Read on and see which seamless and frictionless experience you would prefer:

The Uber

  • Exiting my office building, I open the Uber app and use the pinpoint location to alert a nearby driver I would like to be picked up.
  • Moments later, I get a text message saying my driver is en route and the expected wait time is less than 5 minutes.
  • The driver pleasantly greeted me. He offered me bottled water and gum upon getting settled inside his clean, well-kept vehicle.
  • The driver used the company-provided smartphone to input my desired location.
  • We chatted back and forth during the entire ride to the airport.
  • Since my payment details are on file with Uber, there was no swiping of my credit card or fishing through my purse for cash—even tip is factored into the Uber rides.
  • In short, I arrived at my destination and left the car feeling happy and knowing that I would use Uber’s services again.

The Cab

  • Exited baggage claim at LAX and climbed into the cab giving the driver the exact office address for my destination. He did nothing with the information except nod, start the meter and shift the car into drive.
  • We spend the next minute debating the state of traffic conditions on the freeway versus side streets. When it becomes apparent to me that the cab driver does not know which route is faster, I pull out my smart phone. A quick look on sigalert.com ends the discussion; we will take the freeway (where is his smartphone?).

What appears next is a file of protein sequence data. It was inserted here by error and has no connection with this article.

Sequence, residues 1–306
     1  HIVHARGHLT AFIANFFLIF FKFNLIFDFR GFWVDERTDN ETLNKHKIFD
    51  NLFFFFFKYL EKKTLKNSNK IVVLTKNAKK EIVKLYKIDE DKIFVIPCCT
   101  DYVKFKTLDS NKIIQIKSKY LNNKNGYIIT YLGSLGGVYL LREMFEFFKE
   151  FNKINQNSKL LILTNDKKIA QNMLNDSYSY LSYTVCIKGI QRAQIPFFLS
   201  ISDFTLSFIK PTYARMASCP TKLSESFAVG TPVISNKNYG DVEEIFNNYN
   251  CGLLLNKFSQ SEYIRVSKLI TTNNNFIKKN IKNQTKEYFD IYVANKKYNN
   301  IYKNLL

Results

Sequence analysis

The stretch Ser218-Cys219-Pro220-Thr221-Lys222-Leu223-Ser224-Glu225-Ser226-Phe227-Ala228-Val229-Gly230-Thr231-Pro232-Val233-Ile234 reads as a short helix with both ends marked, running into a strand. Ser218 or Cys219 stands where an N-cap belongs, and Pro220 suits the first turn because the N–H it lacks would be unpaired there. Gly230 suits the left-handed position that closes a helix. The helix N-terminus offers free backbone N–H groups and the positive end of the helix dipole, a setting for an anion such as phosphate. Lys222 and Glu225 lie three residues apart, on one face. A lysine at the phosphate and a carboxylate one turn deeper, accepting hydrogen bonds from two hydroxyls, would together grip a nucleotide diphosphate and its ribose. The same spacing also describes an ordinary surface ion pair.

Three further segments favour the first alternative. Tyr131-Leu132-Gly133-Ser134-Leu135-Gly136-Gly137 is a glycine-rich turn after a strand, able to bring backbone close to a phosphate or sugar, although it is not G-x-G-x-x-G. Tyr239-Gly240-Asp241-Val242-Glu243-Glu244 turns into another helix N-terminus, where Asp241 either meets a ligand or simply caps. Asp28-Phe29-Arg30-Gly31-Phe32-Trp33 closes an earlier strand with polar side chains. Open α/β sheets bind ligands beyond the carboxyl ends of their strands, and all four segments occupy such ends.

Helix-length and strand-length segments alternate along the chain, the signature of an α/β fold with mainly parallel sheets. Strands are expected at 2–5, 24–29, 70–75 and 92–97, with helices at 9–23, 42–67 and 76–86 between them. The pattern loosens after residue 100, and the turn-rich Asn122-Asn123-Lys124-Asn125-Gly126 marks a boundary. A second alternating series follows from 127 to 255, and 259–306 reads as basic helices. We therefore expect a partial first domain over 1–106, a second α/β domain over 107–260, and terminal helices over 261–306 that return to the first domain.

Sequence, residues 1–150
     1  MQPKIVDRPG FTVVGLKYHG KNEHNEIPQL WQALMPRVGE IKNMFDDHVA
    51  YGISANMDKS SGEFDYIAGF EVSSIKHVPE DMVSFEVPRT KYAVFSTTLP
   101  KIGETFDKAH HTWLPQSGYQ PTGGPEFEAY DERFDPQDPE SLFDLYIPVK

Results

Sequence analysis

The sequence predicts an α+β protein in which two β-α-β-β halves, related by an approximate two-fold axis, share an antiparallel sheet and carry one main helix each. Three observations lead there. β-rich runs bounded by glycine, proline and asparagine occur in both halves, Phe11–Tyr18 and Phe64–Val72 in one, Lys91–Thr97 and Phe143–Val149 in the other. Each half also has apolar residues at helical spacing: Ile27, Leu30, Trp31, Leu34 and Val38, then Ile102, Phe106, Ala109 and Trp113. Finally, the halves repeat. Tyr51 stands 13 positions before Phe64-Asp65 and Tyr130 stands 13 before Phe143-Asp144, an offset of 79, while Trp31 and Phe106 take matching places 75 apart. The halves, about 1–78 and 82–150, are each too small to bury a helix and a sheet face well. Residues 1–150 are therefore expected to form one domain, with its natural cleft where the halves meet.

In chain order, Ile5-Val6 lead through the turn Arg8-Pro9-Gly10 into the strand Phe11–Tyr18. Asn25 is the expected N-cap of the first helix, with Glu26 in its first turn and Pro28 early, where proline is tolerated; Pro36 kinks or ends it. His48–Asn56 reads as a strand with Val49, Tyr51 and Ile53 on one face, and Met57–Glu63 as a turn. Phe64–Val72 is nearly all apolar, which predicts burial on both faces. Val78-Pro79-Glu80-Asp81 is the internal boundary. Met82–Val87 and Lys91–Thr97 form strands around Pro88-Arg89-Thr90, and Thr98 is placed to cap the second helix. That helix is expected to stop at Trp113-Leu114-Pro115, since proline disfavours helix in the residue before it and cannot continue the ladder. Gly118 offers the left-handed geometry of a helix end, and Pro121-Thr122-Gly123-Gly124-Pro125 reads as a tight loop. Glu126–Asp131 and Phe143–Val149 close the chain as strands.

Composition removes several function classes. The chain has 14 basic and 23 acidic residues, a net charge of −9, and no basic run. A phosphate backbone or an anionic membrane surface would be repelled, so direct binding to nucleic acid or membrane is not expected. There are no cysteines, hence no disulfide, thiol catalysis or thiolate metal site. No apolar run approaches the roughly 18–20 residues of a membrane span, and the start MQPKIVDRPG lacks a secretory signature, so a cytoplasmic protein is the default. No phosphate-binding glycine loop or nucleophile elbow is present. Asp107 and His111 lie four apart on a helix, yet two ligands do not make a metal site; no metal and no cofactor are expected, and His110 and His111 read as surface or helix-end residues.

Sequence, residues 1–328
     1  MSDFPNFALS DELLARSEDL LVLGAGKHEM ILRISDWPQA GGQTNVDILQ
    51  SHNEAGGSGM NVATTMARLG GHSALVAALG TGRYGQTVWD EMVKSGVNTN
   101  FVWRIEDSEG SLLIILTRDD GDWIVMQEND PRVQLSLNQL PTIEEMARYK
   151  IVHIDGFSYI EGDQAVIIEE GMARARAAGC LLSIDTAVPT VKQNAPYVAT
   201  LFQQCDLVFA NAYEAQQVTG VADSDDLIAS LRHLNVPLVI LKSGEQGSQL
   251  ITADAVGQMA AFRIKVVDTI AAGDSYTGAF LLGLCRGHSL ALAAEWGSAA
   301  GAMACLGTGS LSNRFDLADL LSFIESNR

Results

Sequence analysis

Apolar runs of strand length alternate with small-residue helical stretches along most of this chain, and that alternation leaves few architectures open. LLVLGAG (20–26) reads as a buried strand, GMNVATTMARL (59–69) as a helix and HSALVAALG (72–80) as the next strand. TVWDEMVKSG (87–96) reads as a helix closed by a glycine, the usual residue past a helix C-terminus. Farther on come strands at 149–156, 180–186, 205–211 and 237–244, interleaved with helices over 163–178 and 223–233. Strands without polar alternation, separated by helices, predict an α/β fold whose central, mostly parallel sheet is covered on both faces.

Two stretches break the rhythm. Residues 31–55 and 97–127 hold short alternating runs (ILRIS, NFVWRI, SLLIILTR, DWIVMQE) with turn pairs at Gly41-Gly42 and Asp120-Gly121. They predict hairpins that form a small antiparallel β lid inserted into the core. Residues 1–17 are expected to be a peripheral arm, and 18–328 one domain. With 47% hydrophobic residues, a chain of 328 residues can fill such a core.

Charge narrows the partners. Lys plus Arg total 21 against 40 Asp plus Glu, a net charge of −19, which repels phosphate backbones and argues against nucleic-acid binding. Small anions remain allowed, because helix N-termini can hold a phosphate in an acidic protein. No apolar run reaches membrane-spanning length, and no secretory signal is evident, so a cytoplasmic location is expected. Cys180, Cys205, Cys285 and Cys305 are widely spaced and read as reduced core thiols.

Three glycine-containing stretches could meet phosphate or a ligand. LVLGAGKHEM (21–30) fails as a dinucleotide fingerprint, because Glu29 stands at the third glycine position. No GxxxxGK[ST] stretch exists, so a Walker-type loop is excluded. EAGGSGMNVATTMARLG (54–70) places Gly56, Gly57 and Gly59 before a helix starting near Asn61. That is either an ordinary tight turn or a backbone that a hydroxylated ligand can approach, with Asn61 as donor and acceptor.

• No conversation.
  • I advise the cab driver to exit the freeway and proceed to Pico to make a quick left and then right using back roads to the office (seriously, where is his smart phone?). He is flustered saying “but you said it was on Olympic?…” I say, “this method takes the back roads, it’s OK.”
  • The cab pulls up outside the office. This being the part where we exchange money for his service, I tell the cab driver I will be paying with a credit card and would like a receipt. His reaction is one of visible displeasure that I don’t have cash to give him.
  • I swipe my card into the machine and tip him 20% (since I’m such an inconvenience). The machine doesn’t work and I have to repeat the process again (seriously?!). Finally, receipt in hand, I silently vow not to take a cab again unless I absolutely have to.